Drumpf is perhaps the power behind the throne - literally so, as Drumpf, standing on a stool behind the throne, kneads powerfully the Prince's shoulders.
'Ooooh, yes: just like that,' says Prince Dimitri. 'Now,' he says, 'in this time of war it is doubly important that we should, in addition to giving close scrutiny to issues of war, consider also the welfare of the ordinary folk of my realm.'
'Really, my lord?' asks Count Armin von Loon, the Voivode’s rather nervous Majordomo.
'No, of course not,' admonishes the Prince. 'Now find that court midget - I want to hit him with my hat.'

 All is not well in Schloss Feratu. Whilst the military mobilisation of the Voivodate has been progressing well in the capable hands of Colonel (now promoted General) Herz van Rentall, Vulgaria's new ruler continues to confront some tricky problems of strategy and policy.
'Von Loon - I can't do my britches up. I just find can't the buttons. This just won't do!'
Von Loon bows solicitously. 'My lord, I think you have them the wrong way up - I think that your legs go through the big hole at the top.'
The Prince throws up his hands in exasperation. 'This is ridiculous: I am having a royal trouser crisis, and no one seems to be paying enough attention! What's the matter with you all!'
'Well, sir', says General van Rentall, 'der is da matter of da Bachshcuttel infasion.'
'Invasion? Invasion!' says the Prince, slapping the table once again.
'Indeed, sir,' says Loon, 'a messenger reported that the Bachscuttel Army has already crossed the border and has formally invaded the sacred soil of Vulgaria.’
Drumpf whispers something to Dimitri, who then says: ‘What do you mean, “The Bachscuttel Army has already crossed the border and has formally invaded the sacred soil of Vulgaria!”’
Lord Konstantin von Kutchenzink, Keeper of the Privy Privy, shrugs: 'I suppose, my lord, that it might indicate that an army, probably from Bachscuttel, has formally invaded the sacred soil of Vulgaria by crossing the border.'
'How do we know?' cries the Prince, 'What is the source of this intelligence?'
'It's the hat isn't it - is it too much?'
Loon hesitates before answering:  ‘Erm…well your Excellency, your Voivodeness. The news is from a border guard. Very observant; very keen on using his initiative. I’m afraid this border guard has been quite explicit.   He saw the Bachscuttel army in full array cross the River Strudel yesterday morning and he has ridden all day and night to tell the news to you directly, as you ordered.'
'I did?' replies Dimitri, 'Well, excellent, have the man rewarded. Observant men with initiative are useful, they are ...,' Drumpf whispers something in his ears, 'dangerous and should be executed immediately.'
‘Your Excellency,' protests von Loon, 'that would be a tad unfair!’
Dimitri nods - 'You are right, my dear Loon,' says the Prince: 'have him beheaded instead. You heard me!  Have that incredibly loyal, energetic and patriotic border guard executed immediately. Displays of initiative? How long do you think I shall keep my throne if I allow people to exercise initiative?'
‘But your Excellency, haven’t you heard the phrase, ‘Don’t kill the messenger’?  Von Loon says, hopefully.
‘Of course I have, von Loon, and it’s nonsensical.' Drumpf whispers again in the Prince's ear. Dimitri then continues, 'He must die; for not only must we keep the news of this unwarranted invasion secret – we don’t want to start a panic, now do we? – but we must keep our response and our preparations, secret from any Bachscuttel spies, now mustn’t we?  They mustn’t know that we know!  Now execute the man before I change my mind and burden our faithful executioner with your demise as well!’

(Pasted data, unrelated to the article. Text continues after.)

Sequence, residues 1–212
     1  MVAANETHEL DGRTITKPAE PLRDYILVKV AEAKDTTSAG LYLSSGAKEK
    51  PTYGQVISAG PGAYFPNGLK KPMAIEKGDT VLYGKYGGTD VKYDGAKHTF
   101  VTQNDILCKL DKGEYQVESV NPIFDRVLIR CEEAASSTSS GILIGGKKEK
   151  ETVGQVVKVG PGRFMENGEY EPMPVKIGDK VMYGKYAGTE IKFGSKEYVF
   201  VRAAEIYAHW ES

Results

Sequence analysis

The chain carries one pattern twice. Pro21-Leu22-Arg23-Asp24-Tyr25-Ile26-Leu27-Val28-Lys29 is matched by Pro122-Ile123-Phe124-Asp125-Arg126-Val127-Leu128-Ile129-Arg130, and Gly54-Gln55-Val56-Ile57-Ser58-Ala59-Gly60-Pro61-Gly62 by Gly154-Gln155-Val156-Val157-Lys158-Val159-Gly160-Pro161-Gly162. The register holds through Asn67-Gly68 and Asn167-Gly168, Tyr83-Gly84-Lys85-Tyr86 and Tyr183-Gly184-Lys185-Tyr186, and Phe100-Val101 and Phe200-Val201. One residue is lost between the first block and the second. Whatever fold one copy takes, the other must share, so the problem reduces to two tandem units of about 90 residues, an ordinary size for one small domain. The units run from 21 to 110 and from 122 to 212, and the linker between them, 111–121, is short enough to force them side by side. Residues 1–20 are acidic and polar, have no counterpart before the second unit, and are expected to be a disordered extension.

And so another loyal, yet nameless, servant of Vulgaria meets his end.
Kutchenzink steps forward. 'So, and just to clarify this my Prince, our policy is that anyone who knows about this war must be put to death.'
Drumpf whispers something into Dimitri's ear.
'Yes, von Loon' nods Dimitri, 'that is our policy.'
Kutchenzink nods, and then calls a messenger. After reassuring him that he will not be shot, he sends him to instruct the Royal Executioner to prepare for quite a lot of overtime.

Drumpf whispers in Dimitri's ear again. The Prince stands and begins haranguing his court.
Anyway, ' says the Prince, 'The unwanted arrival of the army of Bachscuttel into our country merely reinforces again the fact that immigrants are the key problem!'
Kutchenzink frowns - 'But, my lord, technically, aren't you are an immigrant to this country?'
'Yes,' replies Dimitri, 'but I mean, you know, other immigrants. Coming here, stealing our stuff ... cleaning up ... when we don't want them to.'
Drumpf leans forward and mumbles something to Voivode Dimitri.
Von Loon looks at Drumpf: 'Is that a wig he's wearing?' he says to Kuchenzink.
Lord Kuchenzink stares at Drumpf: 'It must be a wig.'
'Are you sure,' says Loon, 'it looks like a cat.'
Kuchenzink shakes his head. 'No, no: I'm sure he is a little rough around the edges, but not so strange that he would wear a feline on his head.'
Drumpf continues his whispering into the Voivode's ear. 'We need a wall,' says Prince Dimitri. 'Oh, yes, and it's going to be beautiful. A great big wall. And we're going to make the Palatinate pay for it.' Behind him, Drumpf reaches up, and feeds a pilchard to his wig, which starts purring.
Von Loon looks at Kuchenzink and raises an eyebrow.
Kutchenzink raises his voice: 'But these plans are silly, my lord - they are just the utterings of that bone-headed badger Drumpf!'
'Now, now,' says Dimitri, 'don't shoot the massager.'
Suddenly, ceremonial trumpets emit a noise reminiscent of sad, wailing flatulence - the midget has arrived.
'Excellent!' says Prince Dimitri, getting his tricorne ready. 'Watch and learn, everybody - this is the very cutting edge of Enlightment kingship.'
As the little midget  trots forwards between the assembled courtiers, von Loon says to him in a low voice: 'Do us all a favour, my fine lad - let him win this time.'